iOS 8 Makes It “Technically Impossible” To Handover Customer Data To Government
This August, Apple’s iOS was declared the strongest operating system in mobile phones. However, hackers managed to somehow snatch that title away a few days ago by hacking into Apple’s smartphones and leaking private photos of celebrities to the Internet.
The scandal caused a stir, both among the company and the consumers, raising doubts about the vulnerability of the operating system. But Apple has managed to make a statement with valid evidence that their latest software system, iOS 8, emphasizes greatly on the protection of information stored in the phones.
The privacy system in iOS 8 is so robust that it is “technically impossible” to succumb to government warrants and policies which require the customer’s information including photos, emails, messages to be taken from the phone.
According to Apple, the company doesn’t want anyone spying on your device, even the police.
The company said on the new Privacy page:
Unlike our competitors, Apple cannot bypass your passcode and therefore cannot access this data. So it’s not technically feasible for us to respond to government warrants for the extraction of this data from devices in their possession running iOS 8.
“The public has said they want companies to put their privacy first, and Apple has listened,” Mr. Soghoian said.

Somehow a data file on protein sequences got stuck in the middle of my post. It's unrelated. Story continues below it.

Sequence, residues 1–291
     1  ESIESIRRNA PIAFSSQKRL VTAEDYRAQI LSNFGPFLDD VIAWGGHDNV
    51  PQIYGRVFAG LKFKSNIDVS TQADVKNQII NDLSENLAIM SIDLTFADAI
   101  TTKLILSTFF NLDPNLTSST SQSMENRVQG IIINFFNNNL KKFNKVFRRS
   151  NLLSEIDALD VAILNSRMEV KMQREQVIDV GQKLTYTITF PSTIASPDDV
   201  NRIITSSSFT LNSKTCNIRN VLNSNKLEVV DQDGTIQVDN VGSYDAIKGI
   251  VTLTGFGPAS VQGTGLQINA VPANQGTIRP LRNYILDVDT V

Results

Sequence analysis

Apple’s new webpage has undergone changes and it informs the audience of what types of information the company collects or not. Along with that, there is a list of “transparency reports” which explain how, when and why it submits the information to the government. The webpage then further guides users on how to switch on the security features in Apple’s devices.
Moreover, Apple CEO Tim Cook stated that Apple was not one of those companies which will benefit from selling their customer’s information to third parties like advertisers.
Our business model is very straightforward: We sell great products. We don’t build a profile based on your email content or web browsing habits to sell to advertisers.
Computer Science student who puts thoughts onto paper either through writing or sketching, and considers ideal happiness as a good book, under the open sky, with a cup of tea.